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Activists and Corporate Behavior in Food Processing and Retailing: A Sequential Bargaining Game

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  • Hudson, Darren
  • Lusk, Jayson L.

Abstract

This study examines the strategic interaction between food companies and activists using a game theoretic model of sequential bargaining in the absence of complete information. In a rather confined set of circumstances, findings indicate it is always in the best interest of the food company to comply with activists' demands. More frequently, however, there will be cases where compliance is not optimal, depending on the size of the expected effect of protest, cost of defending against protest, and the cost of protest to the activist.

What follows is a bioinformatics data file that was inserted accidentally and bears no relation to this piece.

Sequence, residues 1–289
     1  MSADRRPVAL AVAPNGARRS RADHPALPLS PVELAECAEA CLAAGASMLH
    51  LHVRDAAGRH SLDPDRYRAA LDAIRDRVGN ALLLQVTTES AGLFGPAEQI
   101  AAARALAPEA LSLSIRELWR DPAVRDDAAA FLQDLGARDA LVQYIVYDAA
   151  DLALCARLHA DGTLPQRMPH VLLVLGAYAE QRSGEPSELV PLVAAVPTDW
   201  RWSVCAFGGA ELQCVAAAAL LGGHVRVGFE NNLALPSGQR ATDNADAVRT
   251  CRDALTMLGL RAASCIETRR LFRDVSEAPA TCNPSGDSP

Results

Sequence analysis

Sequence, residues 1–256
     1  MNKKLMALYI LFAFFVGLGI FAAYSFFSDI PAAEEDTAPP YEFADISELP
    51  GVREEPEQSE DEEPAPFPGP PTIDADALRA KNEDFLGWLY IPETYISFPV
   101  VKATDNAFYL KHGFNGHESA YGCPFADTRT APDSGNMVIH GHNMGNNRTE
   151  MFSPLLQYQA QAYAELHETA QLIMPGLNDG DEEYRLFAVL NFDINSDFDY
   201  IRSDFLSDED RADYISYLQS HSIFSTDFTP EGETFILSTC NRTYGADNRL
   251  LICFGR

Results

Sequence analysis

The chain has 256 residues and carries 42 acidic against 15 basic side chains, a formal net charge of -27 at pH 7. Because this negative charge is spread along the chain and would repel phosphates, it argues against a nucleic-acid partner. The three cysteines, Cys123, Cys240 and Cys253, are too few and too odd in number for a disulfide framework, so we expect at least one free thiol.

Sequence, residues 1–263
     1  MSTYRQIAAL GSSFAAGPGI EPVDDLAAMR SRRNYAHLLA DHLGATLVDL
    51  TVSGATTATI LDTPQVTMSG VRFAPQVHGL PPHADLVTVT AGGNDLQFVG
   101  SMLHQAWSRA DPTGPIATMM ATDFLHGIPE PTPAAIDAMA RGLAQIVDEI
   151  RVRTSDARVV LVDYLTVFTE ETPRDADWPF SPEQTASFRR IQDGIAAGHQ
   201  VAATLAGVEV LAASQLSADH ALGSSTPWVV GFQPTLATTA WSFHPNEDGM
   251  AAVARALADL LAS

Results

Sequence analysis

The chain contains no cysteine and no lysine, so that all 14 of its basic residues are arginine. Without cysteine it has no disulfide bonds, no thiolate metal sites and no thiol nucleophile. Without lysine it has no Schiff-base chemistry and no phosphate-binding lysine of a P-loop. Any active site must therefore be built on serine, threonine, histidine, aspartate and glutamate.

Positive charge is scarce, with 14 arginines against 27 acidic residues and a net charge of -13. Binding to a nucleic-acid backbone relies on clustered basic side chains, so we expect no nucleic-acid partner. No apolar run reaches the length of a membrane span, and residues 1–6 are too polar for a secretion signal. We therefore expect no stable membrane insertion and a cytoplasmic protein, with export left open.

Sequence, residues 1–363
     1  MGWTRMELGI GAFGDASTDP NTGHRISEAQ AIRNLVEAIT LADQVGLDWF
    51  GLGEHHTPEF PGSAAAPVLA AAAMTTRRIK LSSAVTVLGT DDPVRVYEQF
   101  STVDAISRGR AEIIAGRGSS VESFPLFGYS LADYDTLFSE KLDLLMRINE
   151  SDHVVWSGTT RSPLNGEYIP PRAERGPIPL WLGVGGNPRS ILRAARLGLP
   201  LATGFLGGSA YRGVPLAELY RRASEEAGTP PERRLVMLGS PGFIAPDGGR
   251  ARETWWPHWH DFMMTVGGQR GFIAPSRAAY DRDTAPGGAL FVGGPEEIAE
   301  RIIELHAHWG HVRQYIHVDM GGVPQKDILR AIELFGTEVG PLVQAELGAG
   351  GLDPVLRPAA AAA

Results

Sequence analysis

Suggested Citation

  • Hudson, Darren & Lusk, Jayson L., 2004. "Activists and Corporate Behavior in Food Processing and Retailing: A Sequential Bargaining Game," Journal of Agricultural and Resource Economics, Western Agricultural Economics Association, vol. 29(01), April.
  • Handle: RePEc:ags:jlaare:31137
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    File URL: http://purl.umn.edu/31137
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    Cited by:

    1. McKendree, Melissa G.S. & Olynk Widmar, Nicole & Ortega, David L. & Foster, Kenneth A., 2013. "Consumer Preferences for Verified Pork-Rearing Practices in the Production of Ham Products," Journal of Agricultural and Resource Economics, Western Agricultural Economics Association, vol. 38(3), December.
    2. Tonsor, Glynn T. & Wolf, Christopher & Olynk, Nicole, 2009. "Consumer voting and demand behavior regarding swine gestation crates," Food Policy, Elsevier, vol. 34(6), pages 492-498, December.

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